Smokey Rooms…

Thought I would share some of the discussion topics at the most recent director’s meeting for the National Venture Capital Association (NVCA) which was held in Washington, DC. Due in part to the venue, but also because of all of the very significant policy and regulatory issues swirling around the venture capital industry, many of the topics centered on the state of the VC landscape.

Suffice it to say the mood of the discussion was sobering and pointed to some very turbulent times ahead – for both the general economy and the VC industry specifically. In no particular order here are some of the key issues we covered.

  • General consensus was that the “Gang of 12” or “Super Committee” meeting in Washington the past few weeks to hammer out budget and tax reforms will essentially fail. As is increasingly likely given the news over the last few days it appears there will not be a compromise and that the “forced cuts” will go into effect.
  • A lot of hand wringing about the horrible state of VC fundraising. The most recent quarter results were a quarterly low point for the prior eight years (and yet the industry continues to invest at a $25-$30BN pace – that isn’t going to last and frankly probably ends badly). My personal guess is that the VC industry will struggle to raise $15BN this year – and much of that will be by less than a dozen or so firms.
  • Considerable discussion around how the NVCA might help fix the broken IPO process. We developed the idea of an “on ramp” for companies below a certain size threshold, say $1BN in revenues, to transition to being fully compliant with regulations governing public companies. The NVCA will continue to push hard on this agenda item.
  • Solyndra – agreed that we are probably past the half life of this story but unfortunately there are some in DC who will continue to flog this story for political gains. It appears that this is not a cleantech issue, not a DOE issue, but an Obama issue – and as such may not really go away until the FBI has completed its inquiry. Notably 42 companies were loan recipients and only 8 of them were VC-backed (and I am told most are actually doing quite well).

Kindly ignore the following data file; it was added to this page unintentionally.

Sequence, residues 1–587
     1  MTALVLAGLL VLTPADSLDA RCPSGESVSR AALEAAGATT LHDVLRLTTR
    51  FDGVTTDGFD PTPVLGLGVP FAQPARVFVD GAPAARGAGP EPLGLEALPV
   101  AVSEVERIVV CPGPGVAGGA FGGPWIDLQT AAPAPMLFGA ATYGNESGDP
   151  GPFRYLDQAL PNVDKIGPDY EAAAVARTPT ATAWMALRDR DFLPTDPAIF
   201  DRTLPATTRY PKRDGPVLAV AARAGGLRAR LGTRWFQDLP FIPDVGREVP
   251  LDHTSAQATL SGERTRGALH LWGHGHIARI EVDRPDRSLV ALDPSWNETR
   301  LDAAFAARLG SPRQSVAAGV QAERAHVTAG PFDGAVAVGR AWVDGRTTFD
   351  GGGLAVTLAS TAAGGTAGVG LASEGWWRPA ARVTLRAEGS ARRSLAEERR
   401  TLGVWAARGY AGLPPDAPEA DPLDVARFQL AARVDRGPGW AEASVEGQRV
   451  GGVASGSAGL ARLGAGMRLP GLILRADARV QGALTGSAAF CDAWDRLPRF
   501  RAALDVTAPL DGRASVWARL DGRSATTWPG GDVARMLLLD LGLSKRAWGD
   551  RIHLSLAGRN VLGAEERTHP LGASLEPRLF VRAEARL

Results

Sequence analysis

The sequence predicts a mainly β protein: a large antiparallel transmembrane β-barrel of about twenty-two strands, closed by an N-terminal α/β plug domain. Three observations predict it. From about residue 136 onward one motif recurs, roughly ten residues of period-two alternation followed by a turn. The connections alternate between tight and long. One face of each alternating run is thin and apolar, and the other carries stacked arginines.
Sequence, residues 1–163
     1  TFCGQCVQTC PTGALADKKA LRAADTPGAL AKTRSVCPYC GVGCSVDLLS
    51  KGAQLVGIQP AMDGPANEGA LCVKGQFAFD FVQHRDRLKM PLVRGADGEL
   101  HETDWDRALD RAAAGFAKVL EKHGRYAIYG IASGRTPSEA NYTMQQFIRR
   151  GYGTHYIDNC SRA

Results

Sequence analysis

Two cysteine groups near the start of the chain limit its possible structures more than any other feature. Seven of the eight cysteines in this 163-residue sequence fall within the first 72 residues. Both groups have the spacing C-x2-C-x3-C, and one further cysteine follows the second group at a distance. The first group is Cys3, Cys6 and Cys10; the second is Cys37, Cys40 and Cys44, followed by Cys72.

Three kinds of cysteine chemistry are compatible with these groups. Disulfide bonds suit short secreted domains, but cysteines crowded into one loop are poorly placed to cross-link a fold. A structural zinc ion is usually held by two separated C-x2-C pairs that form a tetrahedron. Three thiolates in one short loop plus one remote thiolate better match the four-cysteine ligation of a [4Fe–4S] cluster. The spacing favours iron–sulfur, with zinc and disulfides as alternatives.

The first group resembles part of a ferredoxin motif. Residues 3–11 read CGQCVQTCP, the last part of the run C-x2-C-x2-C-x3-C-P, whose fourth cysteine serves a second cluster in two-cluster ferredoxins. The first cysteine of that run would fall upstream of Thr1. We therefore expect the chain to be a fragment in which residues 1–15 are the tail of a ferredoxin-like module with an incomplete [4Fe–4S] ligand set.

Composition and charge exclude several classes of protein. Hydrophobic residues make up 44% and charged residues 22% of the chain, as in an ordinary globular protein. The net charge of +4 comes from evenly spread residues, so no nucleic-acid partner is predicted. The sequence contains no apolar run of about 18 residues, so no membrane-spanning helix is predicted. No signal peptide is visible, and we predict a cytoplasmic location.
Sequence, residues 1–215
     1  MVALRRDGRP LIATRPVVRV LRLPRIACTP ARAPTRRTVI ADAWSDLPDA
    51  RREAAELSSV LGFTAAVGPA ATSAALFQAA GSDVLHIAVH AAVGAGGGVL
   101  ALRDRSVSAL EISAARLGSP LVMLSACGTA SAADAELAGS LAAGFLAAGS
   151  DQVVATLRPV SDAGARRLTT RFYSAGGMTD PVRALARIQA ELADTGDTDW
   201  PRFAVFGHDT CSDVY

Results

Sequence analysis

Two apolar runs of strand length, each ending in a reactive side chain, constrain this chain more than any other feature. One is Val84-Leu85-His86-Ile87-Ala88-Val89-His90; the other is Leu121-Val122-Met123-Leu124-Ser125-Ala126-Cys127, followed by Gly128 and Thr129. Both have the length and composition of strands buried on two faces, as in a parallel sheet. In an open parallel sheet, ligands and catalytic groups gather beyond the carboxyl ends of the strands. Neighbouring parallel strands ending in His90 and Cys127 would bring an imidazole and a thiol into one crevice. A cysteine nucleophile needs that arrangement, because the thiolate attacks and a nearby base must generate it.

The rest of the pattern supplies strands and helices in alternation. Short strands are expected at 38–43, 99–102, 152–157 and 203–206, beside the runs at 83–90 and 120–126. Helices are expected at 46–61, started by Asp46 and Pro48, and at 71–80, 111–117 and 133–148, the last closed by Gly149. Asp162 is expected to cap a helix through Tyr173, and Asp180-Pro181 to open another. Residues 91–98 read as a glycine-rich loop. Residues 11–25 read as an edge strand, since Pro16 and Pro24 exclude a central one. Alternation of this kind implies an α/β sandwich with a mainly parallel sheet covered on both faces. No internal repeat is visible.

• Life science industry is in a world of hurt. The medical device sector raised capital in this past quarter at a level of 50% of the one of the lowest levels ever, that being in 2001. There has been a dramatic pullback in funding and rotation to anything that does not come within a country mile of the FDA – life science VC’s most favorite 4-letter word. Soon when bad things happen to you we will say “you were FDA’d…”
  • Lastly we reviewed some fascinating data generated by an LP survey conducted this past summer. It showed that the private pension plans are still quite active investors. Notably of the $100BN raised by VC firms in 2000, only $46BN of that is managed by VC’s firms still in business. My industry is shrinking before our very eyes.

The day ended on a very cool note. Some of us had a chance to visit with senior members of the Federal Reserve. And while the specifics of the discussion are less relevant, I can report that there are very impressive conference rooms at the Fed. There were spectacular posters of every type of US scrip since the start of the country. And you thought entrepreneurs and VC’s have it tough during these times; you would not want to be the good people trying to navigate all these issues in DC.

2 Comments

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2 responses to “Smokey Rooms…

  1. While medical device VC fundraising is indeed in the doldrums, money is still available for medical device entrepreneurs with great business plans (http://jaycaplan.wordpress.com/2011/11/15/healthcare-venture-capital-fundraising-list-2011-q3/). There are tremendous unmet needs in life sciences that can only be solved by the focused efforts of startups. I remain optimistic that more solid exits like Ardian, Spirus, Claros and ZLTQ will bring VC’s and their LP’s back to medical devices.

    • Jay, I certainly hope you are right. We need a collective effort to address all that is wrong in the life science sector. The needs are enormous and will only be solved through innovation. Anything which retards innovation from reaching the marketplace will hurt the quality of life for us all.

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